4

I'd like to glue laminate flooring on my TV wall. I just plan to glue the laminate directly to the wall, which is drywall primed with Kilz PVA

I have No More Nails general purpose adhesive lying around. It states it does not recommend bonding together two (2) non-porous materials.

The back of the laminate flooring definitely looks non-porous. Correct me if I'm wrong, but the Kilz PVA primer makes the drywall non-porous, right?

If so, what would be the best type of adhesive to use for this application?


ANSWERED.

Here are photos of how I did it:

enter image description here

1-5/8" paneling nail to the lip

Finished wall

I did end up using some form of adhesive on the aluminum trim/border: Super Glue!

  • 1
    You want a quick-grab panel adhesive anyway, or you're going to drive yourself nuts trying to keep the flooring in place while the adhesive sets. – isherwood Jan 30 '17 at 16:49
  • I have experience with PL 8x (Polyurethane), and while it's permanently strong once it dries, it doesn't hold in place initially. Maybe I should just hammer+nail to the stud the first bottom row in place? – Rollo R Jan 30 '17 at 16:54
  • Great job! Not enough people post follow-up photos, so thanks for that. – gregmac Feb 3 '17 at 17:24
3

I wouldn't try to primarily use any adhesive for this, it would be better to use a brad nailer. This will be easier, faster and stronger (and cheaper, if you already have or don't count the cost of buying the nailer itself).

enter image description here

Mark the studs, and put a nail in the groove (which will be hidden by the next piece).

You only really need adhesive for the top row. I'd put it on the bottom row as well, just for good measure, but the bottom row can usually be nailed or even screwed to the wall at the bottom where it will be covered by baseboard.

Since it's not really holding much weight, 'No More Nails' would work, as would basically any silicone or construction adhesive.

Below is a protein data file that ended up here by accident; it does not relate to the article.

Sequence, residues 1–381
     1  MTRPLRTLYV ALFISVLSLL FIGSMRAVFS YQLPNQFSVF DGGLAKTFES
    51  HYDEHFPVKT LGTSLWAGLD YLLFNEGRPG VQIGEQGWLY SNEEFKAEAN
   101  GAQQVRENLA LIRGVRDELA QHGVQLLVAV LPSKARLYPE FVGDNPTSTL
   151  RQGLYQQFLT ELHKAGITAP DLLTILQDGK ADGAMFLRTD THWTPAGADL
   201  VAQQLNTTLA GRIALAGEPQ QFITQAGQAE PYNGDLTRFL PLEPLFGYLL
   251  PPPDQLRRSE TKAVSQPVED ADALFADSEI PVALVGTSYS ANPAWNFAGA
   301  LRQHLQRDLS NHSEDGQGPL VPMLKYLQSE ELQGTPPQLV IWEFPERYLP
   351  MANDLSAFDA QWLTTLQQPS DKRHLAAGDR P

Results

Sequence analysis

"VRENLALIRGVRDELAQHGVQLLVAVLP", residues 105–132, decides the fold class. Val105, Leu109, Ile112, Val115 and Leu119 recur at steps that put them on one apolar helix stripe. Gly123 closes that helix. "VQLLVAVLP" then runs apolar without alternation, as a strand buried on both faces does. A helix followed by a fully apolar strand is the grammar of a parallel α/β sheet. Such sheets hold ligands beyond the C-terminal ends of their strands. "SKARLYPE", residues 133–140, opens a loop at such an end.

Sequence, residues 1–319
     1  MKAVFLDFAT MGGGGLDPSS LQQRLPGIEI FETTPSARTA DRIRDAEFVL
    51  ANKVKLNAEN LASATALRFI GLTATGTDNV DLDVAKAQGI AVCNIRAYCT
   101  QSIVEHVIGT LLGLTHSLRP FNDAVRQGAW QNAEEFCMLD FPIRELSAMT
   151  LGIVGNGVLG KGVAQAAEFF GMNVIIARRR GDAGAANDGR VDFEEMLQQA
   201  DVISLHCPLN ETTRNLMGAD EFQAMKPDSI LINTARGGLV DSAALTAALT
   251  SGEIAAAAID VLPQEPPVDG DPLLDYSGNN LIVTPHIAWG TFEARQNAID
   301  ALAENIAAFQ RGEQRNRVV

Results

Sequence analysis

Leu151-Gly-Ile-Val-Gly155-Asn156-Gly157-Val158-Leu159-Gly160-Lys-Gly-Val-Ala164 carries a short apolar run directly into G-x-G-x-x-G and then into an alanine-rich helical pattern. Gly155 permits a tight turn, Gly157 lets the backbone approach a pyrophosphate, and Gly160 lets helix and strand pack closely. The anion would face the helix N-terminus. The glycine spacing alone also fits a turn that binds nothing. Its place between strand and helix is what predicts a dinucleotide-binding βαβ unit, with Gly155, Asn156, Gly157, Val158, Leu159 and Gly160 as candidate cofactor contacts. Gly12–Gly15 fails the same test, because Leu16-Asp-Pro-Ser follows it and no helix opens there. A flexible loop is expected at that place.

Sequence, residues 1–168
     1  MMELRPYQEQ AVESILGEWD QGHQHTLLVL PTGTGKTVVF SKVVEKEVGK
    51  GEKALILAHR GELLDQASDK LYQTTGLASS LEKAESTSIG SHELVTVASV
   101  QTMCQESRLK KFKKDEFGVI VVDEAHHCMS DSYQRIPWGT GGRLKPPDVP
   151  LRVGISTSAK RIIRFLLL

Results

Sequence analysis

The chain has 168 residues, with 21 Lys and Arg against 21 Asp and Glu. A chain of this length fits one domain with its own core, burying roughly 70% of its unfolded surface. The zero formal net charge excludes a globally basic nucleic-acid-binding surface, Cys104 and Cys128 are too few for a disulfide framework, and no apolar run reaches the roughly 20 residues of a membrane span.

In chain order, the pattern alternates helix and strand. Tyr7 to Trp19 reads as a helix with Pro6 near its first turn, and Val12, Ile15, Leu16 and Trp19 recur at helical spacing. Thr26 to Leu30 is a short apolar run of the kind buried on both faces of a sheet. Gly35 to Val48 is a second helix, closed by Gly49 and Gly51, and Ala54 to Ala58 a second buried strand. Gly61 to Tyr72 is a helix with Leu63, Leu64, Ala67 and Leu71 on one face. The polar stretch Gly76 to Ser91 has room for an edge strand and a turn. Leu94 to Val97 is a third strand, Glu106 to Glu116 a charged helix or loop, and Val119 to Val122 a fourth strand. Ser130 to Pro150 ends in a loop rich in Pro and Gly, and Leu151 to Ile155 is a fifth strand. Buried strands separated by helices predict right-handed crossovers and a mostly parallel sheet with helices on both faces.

• Sadly, I do not have a brad nailer. You think I can get away with hammer and nail, hopefully have the nail 'flush' enough, and/or not smash the click joints while hammering? – Rollo R Jan 30 '17 at 19:46
  • 1
    I highly recommend doing it this way. Brad nailers can be bought fro $20-30 in US at the harbor freight and not much more at big boxes. If you do it this way only your first row needs a lot of staples. The problem with any sort of glue is that when you take down the flooring you will basically need to redrywall the wall (or spend more amount of time skim coating it - much more) vs. repriming the wall with some tiny holes. – DMoore Jan 30 '17 at 20:07
  • So will cheap electric nailers like this: lowes.ca/staple-guns/… work? Will it drive the nail through the laminate, drywall then wood stud? – Rollo R Jan 30 '17 at 20:14
  • @DMoore Very good point. Suddenly remembering the time I took down some wood paneling that had been glued -- it left giant divots all over the drywall, was a huge mess. Even though it was a pain to replace the drywall (which involved an angled piece above a staircase) it was the right move, and probably took me in total less than half the time all the patching, skim coating and sanding would have. Not to mention I had a nice 100% drywall wall again, instead of one that was 40% drywall and 60% compound. – gregmac Jan 30 '17 at 22:03
  • 1
    I finished the wall. I used 1-5/8" paneling nails, a small hammer and a 4/32" nail set (to drive the nail in the laminate's lip). I ended up not using any glue at all. It feels solid enough! Would've worked faster and quieter if I had a Brad Nailer, but the nails and nail cost me CAD $10. – Rollo R Feb 2 '17 at 20:55

Your Answer

By clicking “Post Your Answer”, you agree to our terms of service, privacy policy and cookie policy

Not the answer you're looking for? Browse other questions tagged or ask your own question.